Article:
Who is Holly Golightly? Socialite? Opportunist? A Lost Soul?-a "free bird" not to be caged?....no, she is an existential rogue. Truman Capote carefully handled the creation of this character and through her was able to elaborate on major existential themes. She is clearly one of Capote's most intricate characters and possibly, the greatest existential icon in both American literature and classical, American cinema . With this analysis, Holly Golightly must be broken down to obtain a further glance into the numerous existential elements she inhibits.
"It may be normal darling: but I'd rather be natural"-Golightly. From the get go, Golightly expresses herself to the narrator like an open book. Her fears, insecurities, and wants are
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"I don't mean I'd mind being rich and famous.That's very much on my schedule, and sometime I'll get around to it; but if it happens I'd like my ego tagging along. I want to still be me when I wake up one fine day and have breakfast at Tiffany's.","Be anything but a coward, a pretender, and emotional crook; a whore. I'd rather have cancer than a dishonest heart. Not to be pious, just being practical. Sure cancer will cool you, but the other's sure to kill you." Holly Golightly." The opportunities to rise to success and when tangled in compromising situations, save her own skin, were made available to Golightly. Fame, success, even a judicial pardon were obtainable to her, but she in everyone of these situations she chose to stick to her wits and innate nature. When confronted with the opportunity to travel to New York and potentially become a successful actress, she could have testified against Sally Tomato and been spared of jail time, but she chose to pursue what she found attainable by her means and what correlated most with her nature. Once again, in accordance to the atheistic existentialist being, she chose to confront her "angst rather than acting in bad faith and giving into the absurdity of conventions".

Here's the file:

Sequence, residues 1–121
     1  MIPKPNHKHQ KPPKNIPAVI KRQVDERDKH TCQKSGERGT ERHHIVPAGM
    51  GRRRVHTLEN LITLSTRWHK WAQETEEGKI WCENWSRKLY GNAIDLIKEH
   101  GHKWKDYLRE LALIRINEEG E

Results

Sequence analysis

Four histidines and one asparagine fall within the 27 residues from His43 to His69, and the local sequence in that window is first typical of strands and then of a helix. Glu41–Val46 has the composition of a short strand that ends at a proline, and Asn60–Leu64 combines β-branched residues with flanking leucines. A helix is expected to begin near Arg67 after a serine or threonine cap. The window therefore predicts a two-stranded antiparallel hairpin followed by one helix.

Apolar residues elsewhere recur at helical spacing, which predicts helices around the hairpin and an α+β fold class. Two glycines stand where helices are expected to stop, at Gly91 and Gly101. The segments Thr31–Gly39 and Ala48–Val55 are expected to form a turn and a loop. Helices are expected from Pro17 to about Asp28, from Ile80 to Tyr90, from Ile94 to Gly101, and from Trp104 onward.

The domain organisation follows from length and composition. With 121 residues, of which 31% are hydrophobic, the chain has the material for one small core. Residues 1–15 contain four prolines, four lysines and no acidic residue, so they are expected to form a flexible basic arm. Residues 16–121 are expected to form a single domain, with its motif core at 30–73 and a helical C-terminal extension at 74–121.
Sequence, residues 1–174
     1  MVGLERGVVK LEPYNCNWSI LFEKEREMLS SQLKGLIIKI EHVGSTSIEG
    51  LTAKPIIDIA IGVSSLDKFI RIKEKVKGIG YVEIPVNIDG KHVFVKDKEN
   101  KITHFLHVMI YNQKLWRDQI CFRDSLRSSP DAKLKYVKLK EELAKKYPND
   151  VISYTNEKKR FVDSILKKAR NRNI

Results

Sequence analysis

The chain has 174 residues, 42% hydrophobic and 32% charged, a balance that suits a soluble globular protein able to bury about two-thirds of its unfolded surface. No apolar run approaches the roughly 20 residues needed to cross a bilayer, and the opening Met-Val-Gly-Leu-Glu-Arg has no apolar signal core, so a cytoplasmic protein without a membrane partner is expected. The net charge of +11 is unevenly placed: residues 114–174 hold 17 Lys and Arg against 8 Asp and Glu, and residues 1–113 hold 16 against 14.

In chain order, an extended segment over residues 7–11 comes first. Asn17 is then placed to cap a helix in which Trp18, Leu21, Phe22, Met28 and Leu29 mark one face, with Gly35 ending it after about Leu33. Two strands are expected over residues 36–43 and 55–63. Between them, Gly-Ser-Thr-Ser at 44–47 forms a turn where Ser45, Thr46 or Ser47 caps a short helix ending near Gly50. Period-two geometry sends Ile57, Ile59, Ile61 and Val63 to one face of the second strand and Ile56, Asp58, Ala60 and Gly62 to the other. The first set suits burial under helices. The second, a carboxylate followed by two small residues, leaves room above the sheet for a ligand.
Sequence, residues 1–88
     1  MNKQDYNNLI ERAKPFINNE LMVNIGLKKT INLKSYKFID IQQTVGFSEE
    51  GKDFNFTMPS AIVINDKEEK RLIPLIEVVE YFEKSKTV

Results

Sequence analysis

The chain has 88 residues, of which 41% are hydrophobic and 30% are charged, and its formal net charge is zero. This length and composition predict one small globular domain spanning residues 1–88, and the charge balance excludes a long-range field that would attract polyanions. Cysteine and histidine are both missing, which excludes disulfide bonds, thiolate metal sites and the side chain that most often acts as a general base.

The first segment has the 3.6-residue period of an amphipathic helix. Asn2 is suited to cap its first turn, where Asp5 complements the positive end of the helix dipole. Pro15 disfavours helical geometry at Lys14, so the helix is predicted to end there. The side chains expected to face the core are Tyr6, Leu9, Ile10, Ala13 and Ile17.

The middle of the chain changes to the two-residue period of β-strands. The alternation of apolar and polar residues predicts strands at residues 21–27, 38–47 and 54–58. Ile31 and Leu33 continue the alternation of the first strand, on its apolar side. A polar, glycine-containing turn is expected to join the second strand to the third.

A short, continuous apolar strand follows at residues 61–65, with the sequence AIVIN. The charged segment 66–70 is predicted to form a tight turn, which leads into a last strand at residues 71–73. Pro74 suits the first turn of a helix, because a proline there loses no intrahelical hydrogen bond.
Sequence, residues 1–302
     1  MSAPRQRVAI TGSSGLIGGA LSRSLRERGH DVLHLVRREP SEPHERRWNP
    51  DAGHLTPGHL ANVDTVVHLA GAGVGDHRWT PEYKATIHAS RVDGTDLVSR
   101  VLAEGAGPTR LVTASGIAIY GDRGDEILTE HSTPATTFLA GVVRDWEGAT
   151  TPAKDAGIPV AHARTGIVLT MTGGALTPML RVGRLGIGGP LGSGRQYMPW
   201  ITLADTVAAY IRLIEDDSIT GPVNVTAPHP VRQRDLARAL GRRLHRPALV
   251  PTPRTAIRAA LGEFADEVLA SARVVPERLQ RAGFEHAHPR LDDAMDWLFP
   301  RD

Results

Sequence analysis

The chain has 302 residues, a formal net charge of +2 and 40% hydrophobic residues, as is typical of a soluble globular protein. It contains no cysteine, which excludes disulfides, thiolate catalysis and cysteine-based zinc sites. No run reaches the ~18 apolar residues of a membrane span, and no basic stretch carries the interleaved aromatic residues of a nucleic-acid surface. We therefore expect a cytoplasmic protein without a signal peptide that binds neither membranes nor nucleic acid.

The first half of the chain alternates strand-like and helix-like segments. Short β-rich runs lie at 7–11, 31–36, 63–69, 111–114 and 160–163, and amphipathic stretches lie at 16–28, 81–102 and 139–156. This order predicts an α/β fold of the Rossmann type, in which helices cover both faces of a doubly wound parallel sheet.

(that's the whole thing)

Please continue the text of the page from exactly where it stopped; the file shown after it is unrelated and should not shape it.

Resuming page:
The most clearcut sign of Golightly's existential being is the relationship with her cat; the slob with no name, and in the theatrical version, that with Varjack.